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World - Middle East

Ground Zero Graphic

Nuclear watchdog: Iraq can't build an atomic bomb


But U.N. inspectors aren't so sure

June 19, 1998
Web posted at: 1:29 p.m. EDT (1729 GMT)

BAGHDAD, Iraq (CNN) -- The global nuclear watchdog says Baghdad is no longer capable of building an atomic bomb.

The revelation comes seven years after the world learned Iraq had fooled the International Atomic Energy Agency, and had secretly acquired the expertise and technology needed to develop the atomic bomb.

At that time, the IAEA feared Iraq could become a nuclear power within 18 months.

CNN's Jane Arraf talks about the IAEA's conclusions
3 min. VXtreme video

The IAEA says Iraq's nuclear program no longer exists, and that active monitoring -- through satellite photographs, remote-control cameras and soil and water samples -- will ensure Baghdad doesn't revive it.

U.N. weapons inspectors, charged with making sure Iraq possesses no banned weaponry, say the Iraqis tried to hide the program from them, even when the inspectors confronted Iraqi officials with proof.

Rolf Ekeus  

"I asked the deputy prime minister: 'Do you have, do you deny you have nuclear weapons?'" recalled Rolf Ekeus, a former U.N. arms inspector. "He said, 'Absolutely, we have no nuclear weapons.'"

Iraq denies having nuclear program

The IAEA says the Iraqis took their nuclear program deep underground after Israel bombed a suspected nuclear reactor in 1981.

It was Iraq's "human shields" during the 1990-91 Gulf War that tipped off nuclear experts to Baghdad's bomb-building activities, nuclear officials say.

At that time, some U.S. citizens in Iraq were held at Iraq's military installation of Tuwaitha.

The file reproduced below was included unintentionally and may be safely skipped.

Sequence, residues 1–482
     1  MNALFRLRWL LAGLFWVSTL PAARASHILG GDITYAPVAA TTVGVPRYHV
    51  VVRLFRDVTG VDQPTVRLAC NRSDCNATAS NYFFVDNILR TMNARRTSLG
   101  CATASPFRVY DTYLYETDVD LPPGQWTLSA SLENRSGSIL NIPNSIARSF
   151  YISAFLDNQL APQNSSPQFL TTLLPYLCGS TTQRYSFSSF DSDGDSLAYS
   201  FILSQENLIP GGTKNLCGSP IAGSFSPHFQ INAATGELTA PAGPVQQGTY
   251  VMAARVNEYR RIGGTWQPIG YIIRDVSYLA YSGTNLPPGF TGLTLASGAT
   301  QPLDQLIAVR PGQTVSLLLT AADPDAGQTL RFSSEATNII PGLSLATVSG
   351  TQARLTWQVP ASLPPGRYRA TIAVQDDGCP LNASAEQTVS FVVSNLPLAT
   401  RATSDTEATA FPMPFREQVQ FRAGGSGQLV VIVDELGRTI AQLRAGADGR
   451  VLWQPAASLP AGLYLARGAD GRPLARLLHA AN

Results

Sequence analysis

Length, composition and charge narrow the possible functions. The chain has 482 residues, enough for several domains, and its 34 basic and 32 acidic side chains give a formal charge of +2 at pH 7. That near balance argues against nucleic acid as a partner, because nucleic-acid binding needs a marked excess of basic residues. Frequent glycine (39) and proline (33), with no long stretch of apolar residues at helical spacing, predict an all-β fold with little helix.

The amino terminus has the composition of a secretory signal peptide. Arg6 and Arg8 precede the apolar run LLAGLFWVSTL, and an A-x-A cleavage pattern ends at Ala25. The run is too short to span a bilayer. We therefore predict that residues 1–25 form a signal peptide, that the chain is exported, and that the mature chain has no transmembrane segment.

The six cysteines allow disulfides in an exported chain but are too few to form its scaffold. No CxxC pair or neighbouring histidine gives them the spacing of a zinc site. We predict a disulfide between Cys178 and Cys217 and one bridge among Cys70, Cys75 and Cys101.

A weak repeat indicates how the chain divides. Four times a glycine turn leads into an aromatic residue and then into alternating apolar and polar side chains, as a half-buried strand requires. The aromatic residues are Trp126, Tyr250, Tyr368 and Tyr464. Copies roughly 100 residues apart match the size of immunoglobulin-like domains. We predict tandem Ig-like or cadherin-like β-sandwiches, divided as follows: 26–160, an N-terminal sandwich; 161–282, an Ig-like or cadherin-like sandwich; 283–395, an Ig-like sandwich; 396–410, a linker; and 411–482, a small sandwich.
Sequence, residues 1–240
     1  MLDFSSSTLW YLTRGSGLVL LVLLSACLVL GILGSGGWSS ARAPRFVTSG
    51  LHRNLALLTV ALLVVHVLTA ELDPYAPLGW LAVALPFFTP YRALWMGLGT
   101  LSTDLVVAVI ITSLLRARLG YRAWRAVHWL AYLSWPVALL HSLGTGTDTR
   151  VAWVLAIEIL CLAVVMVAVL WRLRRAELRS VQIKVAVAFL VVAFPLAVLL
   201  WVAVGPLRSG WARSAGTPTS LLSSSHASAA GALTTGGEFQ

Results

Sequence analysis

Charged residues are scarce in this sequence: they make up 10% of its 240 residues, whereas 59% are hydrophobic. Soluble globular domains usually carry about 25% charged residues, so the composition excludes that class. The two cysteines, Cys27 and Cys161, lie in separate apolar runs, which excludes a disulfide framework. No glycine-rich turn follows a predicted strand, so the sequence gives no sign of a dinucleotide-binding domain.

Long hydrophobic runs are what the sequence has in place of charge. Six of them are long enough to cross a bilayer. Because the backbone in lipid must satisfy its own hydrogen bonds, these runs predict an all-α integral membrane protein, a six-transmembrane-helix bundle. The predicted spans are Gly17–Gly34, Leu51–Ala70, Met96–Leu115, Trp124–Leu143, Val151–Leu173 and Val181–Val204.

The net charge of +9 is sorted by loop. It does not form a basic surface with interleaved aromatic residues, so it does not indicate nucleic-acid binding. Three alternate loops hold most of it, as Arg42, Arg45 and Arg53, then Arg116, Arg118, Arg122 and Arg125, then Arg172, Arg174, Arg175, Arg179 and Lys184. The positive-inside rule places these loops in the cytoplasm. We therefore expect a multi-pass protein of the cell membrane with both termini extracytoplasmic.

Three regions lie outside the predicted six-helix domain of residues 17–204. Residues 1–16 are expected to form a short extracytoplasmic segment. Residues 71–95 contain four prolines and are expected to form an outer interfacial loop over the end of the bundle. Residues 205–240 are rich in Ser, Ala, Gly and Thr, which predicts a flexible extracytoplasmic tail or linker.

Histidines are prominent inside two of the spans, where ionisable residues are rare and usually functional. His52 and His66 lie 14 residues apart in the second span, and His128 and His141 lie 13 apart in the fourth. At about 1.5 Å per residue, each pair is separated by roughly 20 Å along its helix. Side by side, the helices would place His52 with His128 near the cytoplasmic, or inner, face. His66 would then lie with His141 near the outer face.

When the Americans were released, the IAEA says experts tested their clothing and found it contained evidence of highly enriched uranium processing. Washington then made Tuwaitha one of its main targets during the rest of the war.

Iraq has for years repeatedly denied having a nuclear program.

Some experts say Baghdad could easily reactivate its nuclear program  

Security Council to review the issue next month

However, Baghdad officials would not let CNN cameras film facilities believed to be former nuclear sites, and the government's former top nuclear official refused to be interviewed on the subject.

"It (the IAEA) has entered a report to the (U.N. Security) Council, saying that it has a technically coherent picture of Iraq's past nuclear-weapons directed program, that Iraq doesn't in fact now have an atomic bomb, a nuclear explosive device," chief U.N. weapons inspector Richard Butler said.

Meanwhile, the council is scheduled in July to decide whether the IAEA should close its investigation into Iraq's nuclear program and place the nation under long-term monitoring.

The United States and many of its allies oppose such a move, claiming there are still significant gaps in the U.N. Special Commission's (UNSCOM) knowledge about Iraq's nuclear program. U.N. weapons inspectors are assigned to UNSCOM.

Some experts say Iraq could easily revive its program, even with a small amount of highly-enriched plutonium or uranium.

"The will and the enthusiasm to acquire nuclear weapons is still there. That will has not been broken," Ekeus said of the Iraqis.

Correspondent Jane Arraf contributed to this report.

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